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Not the Way the Story Ends

Christ Crucified between the Two Thieves: The Three Crosses (1653) | Rembrandt van Rijn

Good Friday Devotional

Dr. Fairbairn, Dean of the Charlotte Campus and Professor of Early Christianity

 

Reading: Mark 15:21-29

21 A certain man from Cyrene, Simon, the father of Alexander and Rufus, was passing by on his way in from the country, and they forced him to carry the cross. 22 They brought Jesus to the place called Golgotha (which means “the place of the skull”). 23 Then they offered him wine mixed with myrrh, but he did not take it. 24 And they crucified him. Dividing up his clothes, they cast lots to see what each would get.

25 It was nine in the morning when they crucified him. 26 The written notice of the charge against him read: the king of the jews.

27 They crucified two rebels with him, one on his right and one on his left. [28] 29 Those who passed by hurled insults at him, shaking their heads and saying, “So! You who are going to destroy the temple and build it in three days, 30 come down from the cross and save yourself!” 31 In the same way the chief priests and the teachers of the law mocked him among themselves. “He saved others,” they said, “but he can’t save himself! 32 Let this Messiah, this king of Israel, come down now from the cross, that we may see and believe.” Those crucified with him also heaped insults on him.

33 At noon, darkness came over the whole land until three in the afternoon. 34 And at three in the afternoon Jesus cried out in a loud voice, “Eloi, Eloi, lema sabachthani?” (which means “My God, my God, why have you forsaken me?”).

35 When some of those standing near heard this, they said, “Listen, he’s calling Elijah.”

36 Someone ran, filled a sponge with wine vinegar, put it on a staff, and offered it to Jesus to drink. “Now leave him alone. Let’s see if Elijah comes to take him down,” he said.

37 With a loud cry, Jesus breathed his last.

38 The curtain of the temple was torn in two from top to bottom. 39 And when the centurion, who stood there in front of Jesus, saw how he died, he said, “Surely this man was the Son of God!”


Reflection:

This is not the way the story was supposed to end.

Just five days ago, Jesus rode into Jerusalem on a donkey—fulfilling the most obvious sign that he was the Messiah/King—and touched off an enormous, public celebration. But, oh, so quickly, that public sentiment has changed. The crowds who cheered Jesus on Sunday were yelling “Crucify him” on Friday morning. Pilate, in spite of his own misgivings, went along with the crowd and condemned Jesus to death. Behind the hauntingly simple words, “And they crucified him,” lies the terrible reality of what happened to Jesus:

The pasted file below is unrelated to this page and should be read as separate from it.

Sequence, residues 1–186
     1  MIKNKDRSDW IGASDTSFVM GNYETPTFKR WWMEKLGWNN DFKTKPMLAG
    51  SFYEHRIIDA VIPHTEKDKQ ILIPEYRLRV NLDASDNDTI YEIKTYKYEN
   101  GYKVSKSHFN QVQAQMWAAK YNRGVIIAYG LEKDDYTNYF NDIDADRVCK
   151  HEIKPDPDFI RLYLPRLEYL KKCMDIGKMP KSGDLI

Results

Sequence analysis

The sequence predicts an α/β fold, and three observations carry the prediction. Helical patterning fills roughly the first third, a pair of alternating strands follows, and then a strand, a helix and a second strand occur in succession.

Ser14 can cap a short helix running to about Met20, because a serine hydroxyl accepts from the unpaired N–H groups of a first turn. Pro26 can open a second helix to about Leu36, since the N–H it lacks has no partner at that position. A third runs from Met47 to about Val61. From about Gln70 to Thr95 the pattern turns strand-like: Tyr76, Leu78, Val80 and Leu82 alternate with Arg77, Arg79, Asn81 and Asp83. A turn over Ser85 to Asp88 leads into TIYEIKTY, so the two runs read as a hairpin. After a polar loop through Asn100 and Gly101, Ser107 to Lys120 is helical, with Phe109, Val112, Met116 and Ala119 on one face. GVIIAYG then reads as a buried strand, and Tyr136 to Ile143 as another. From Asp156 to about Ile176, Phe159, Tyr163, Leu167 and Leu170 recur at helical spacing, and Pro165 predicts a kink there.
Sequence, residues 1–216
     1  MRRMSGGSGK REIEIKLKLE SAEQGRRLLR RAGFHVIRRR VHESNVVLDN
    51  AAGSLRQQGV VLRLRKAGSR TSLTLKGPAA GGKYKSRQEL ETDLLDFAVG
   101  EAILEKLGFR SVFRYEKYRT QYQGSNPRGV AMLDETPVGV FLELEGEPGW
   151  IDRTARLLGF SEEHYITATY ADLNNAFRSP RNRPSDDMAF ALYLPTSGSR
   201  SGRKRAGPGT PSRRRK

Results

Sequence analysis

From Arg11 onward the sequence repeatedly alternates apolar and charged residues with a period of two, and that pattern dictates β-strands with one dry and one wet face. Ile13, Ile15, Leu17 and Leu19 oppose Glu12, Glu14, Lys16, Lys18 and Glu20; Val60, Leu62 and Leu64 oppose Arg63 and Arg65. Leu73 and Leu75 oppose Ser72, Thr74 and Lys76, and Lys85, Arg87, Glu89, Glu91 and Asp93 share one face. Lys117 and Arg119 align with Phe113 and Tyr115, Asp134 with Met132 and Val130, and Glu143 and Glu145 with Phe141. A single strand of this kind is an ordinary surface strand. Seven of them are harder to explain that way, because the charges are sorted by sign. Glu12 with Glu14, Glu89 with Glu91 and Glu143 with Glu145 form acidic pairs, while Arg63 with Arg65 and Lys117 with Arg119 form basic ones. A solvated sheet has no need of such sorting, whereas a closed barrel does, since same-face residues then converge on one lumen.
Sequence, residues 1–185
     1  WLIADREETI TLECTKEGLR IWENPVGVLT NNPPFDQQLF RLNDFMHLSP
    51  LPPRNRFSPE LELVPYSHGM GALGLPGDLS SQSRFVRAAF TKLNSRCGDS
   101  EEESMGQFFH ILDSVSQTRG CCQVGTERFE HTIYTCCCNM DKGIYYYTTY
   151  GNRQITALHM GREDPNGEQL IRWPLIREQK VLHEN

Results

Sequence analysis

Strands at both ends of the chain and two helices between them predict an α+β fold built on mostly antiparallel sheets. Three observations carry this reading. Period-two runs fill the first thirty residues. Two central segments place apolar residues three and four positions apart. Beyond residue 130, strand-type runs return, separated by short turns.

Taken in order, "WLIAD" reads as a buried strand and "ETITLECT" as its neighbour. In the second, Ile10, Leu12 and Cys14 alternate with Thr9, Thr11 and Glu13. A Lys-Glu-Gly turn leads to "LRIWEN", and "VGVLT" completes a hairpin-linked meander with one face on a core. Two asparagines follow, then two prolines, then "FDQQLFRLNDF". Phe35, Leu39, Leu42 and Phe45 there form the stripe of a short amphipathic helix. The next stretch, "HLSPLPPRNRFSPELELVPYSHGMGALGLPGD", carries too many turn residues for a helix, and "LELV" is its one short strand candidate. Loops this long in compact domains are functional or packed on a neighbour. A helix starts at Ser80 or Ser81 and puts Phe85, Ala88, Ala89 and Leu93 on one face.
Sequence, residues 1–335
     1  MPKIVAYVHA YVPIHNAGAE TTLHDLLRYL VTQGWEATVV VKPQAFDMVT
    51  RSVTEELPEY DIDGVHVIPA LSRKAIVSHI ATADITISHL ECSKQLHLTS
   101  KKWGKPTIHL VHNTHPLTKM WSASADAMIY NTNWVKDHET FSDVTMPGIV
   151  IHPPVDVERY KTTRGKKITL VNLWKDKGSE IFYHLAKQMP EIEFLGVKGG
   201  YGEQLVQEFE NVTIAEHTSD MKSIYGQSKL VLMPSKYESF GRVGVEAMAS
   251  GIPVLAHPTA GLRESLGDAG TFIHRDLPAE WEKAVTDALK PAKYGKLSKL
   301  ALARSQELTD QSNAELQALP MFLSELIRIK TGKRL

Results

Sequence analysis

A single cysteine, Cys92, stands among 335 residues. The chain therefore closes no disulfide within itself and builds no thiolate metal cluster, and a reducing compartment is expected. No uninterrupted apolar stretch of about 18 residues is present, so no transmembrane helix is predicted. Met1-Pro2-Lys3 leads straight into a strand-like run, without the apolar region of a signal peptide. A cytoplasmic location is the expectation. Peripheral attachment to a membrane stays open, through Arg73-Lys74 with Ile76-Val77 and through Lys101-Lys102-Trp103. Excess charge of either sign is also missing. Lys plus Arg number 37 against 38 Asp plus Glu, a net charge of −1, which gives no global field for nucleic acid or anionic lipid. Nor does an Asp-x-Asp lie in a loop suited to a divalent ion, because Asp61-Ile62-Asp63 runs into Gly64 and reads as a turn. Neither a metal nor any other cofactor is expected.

Nails the size of railroad spikes were driven through his wrists and ankles, with no myrrh to deaden the pain, since he had refused it.

He struggled desperately to breathe as his own weight crushed his lungs, forcing him to push up against the nails with his shattered legs to free space in his lungs to get a breath.

He cried out, “My God, my God, why have you forsaken me?” And then, finally, he died.

It all seemed so final, so humiliating, so tragic. This isn’t the way it was supposed to end. At that point, those closest to Jesus had no explanation for his death other than the unthinkable—he wasn’t really the Messiah. Their hopes of the last three years were seemingly crushed completely, gone forever. On this day, we remember that terrible Friday. With Jesus’ closest friends, we feel the despairing disappointment, unable to come up with an explanation. We let the darkness engulf us, as it engulfed them over 2000 years ago.

But unlike them, we know that this isn’t the way the story ends. The darkness that we re-live today is temporary. On Sunday, the death that seems so final now will be undone, and death itself will be conquered. On Sunday, it will become clear why that death took place and what it means. On Sunday, the disciples’ abject failure—our abject failure—to grasp what has really happened will be replaced by understanding.

Because of what will happen on Sunday, we call this Friday “good.”


Dr. Donald Fairbairn has been with Gordon-Conwell since 2010. He is  the Dean of Gordon-Conwell’s Charlotte Campus and the Robert E. Cooley Professor of Early Christianity. His expertise includes patristics, historical theology, Eastern Orthodoxy.